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China’s Communist Party Celebrates Centennial Marked by Serious Human Rights Abuses

Mao Zedong, the founder of the Chinese Communist Party. - credit: circa 1963, wikipedia
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VOA News

Chinese President Xi Jinping marked the 100th anniversary of the ruling Communist Party Thursday with a warning that who will attempts to “bully” his country will end in bloodshed.   

Hundreds of people gathered in Beijing’s Tiananmen Square to witness an elaborate ceremony on the landmark event, including a spectacular aerobatics show staged by dozens of helicopters and fighter jets.  

Wearing a buttoned-up jacket similar to that worn by party founder Mao Zedong, Xi told the audience the party had achieved its primary goal of building a moderately prosperous society over its century of existence.  

“The Chinese Communist Party and Chinese people solemnly declare to the world with their brave and tenacious struggle that the Chinese nation has ushered in a great leap from standing up, gaining wealth, to growing strong, with the realization of the great rejuvenation of the Chinese nation entering an irreversible historical process,” Xi said. 

Human Rights abuses

One year ago, China imposed a wide-ranging law calling for the arrest and prosecution of those in Hong Kong accused of jeopardizing China’s national security via subversion, terrorism, or collusion with foreign forces. Rights group Amnesty International accused China this week of creating a “human rights emergency” in Hong Kong by limiting freedom of speech and arresting a wide range of protesters.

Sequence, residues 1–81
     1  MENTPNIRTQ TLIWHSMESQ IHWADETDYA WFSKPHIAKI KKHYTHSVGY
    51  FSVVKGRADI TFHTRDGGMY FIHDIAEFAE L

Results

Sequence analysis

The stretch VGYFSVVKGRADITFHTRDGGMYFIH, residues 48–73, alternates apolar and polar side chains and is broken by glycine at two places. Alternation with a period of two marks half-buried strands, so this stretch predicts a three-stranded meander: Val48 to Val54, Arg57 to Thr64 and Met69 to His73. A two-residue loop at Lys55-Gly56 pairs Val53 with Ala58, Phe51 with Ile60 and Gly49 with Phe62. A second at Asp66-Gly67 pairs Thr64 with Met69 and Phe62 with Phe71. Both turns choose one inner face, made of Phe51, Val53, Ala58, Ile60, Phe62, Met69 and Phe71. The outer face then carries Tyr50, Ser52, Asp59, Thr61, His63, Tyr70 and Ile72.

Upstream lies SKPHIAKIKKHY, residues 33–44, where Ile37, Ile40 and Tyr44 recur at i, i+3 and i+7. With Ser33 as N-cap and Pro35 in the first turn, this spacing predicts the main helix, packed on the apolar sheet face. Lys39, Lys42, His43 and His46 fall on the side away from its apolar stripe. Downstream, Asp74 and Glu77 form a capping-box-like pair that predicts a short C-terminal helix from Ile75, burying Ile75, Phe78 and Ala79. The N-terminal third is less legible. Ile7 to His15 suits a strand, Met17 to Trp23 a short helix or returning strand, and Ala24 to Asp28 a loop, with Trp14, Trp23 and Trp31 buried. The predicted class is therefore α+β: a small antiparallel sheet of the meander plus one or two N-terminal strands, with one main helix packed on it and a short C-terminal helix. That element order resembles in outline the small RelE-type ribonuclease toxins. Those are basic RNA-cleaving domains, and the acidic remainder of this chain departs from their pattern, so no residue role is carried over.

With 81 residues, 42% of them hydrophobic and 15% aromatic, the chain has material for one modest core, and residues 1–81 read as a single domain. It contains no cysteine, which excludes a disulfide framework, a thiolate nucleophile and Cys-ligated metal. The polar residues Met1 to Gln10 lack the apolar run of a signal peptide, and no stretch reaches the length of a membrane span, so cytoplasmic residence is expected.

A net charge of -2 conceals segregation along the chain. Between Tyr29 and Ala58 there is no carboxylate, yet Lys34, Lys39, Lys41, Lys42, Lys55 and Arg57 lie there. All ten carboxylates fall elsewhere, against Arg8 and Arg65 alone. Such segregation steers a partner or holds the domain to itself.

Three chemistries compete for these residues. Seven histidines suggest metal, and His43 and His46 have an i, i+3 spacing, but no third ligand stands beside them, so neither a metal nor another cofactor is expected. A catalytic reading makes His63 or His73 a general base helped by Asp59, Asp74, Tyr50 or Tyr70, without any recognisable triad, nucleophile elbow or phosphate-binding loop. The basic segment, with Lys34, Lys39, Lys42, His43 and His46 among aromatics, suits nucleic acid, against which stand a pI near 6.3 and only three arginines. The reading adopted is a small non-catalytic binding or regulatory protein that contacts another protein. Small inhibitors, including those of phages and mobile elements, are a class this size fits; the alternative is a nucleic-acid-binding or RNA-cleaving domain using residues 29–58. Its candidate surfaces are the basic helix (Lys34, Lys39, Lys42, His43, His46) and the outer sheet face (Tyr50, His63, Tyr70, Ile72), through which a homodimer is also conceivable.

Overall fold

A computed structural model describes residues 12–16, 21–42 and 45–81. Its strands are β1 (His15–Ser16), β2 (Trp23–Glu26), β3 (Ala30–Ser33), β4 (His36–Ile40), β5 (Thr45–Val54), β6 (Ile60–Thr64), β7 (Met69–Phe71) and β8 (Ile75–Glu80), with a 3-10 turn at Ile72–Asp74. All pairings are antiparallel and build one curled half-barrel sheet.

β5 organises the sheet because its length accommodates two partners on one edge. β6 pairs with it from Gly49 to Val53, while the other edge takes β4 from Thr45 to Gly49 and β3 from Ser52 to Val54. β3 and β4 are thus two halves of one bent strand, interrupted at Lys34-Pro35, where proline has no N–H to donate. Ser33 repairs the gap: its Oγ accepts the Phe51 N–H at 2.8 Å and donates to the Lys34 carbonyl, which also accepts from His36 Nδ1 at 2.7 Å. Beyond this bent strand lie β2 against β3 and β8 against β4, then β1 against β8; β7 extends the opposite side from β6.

Beijing is also accused of committing serious human rights abuses against the minority Muslim Uyghur minority in Xinjiang, including the detention of more than 1 million Uyghurs in detention camps; widespread government surveillance; and forced birth control. Last month, the G-7 summit called on China to “respect human rights and fundamental freedoms” in Xinjiang. 

Xi said the Chinese people “have never bullied, oppressed or enslaved the peoples of other countries, not in the past, not now, and not in the future,” an apparent rebuke of international accusations of Beijing’s brutal treatment of ethnic Uyghurs in Xinjiang and its increasingly stifling  grip on Hong Kong.   

He warned, though, that China would also “never allow any foreign forces to bully, oppress or enslave us,” adding that anyone who tried will end up with broken heads and bloodshed “in front of the Great Wall of steel” built by China’s 1.4 billion people.   

Xi pledged to continue China’s massive military build-up and to seek peaceful reunification with self-ruled Taiwan, calling on “compatriots on both sides of the Taiwan Strait” to work together and “resolutely crush any ‘Taiwan independence’ plots.” 

China’s Communist Party took over the mainland in 1949 when it forced Chiang Kai-shek’s Nationalist forces to flee to Taiwan to end the civil war.  Despite Taiwan’s self-rule, Beijing claims the island is part of its territory and even vowed to use force to bring it under its control.      

Xi and the party are riding high as China continues its recovery from the COVID-19 outbreak and takes a more assertive stance on the global stage.  However, the government is facing a worsening demographic outlook that imperils long-term economic growth.

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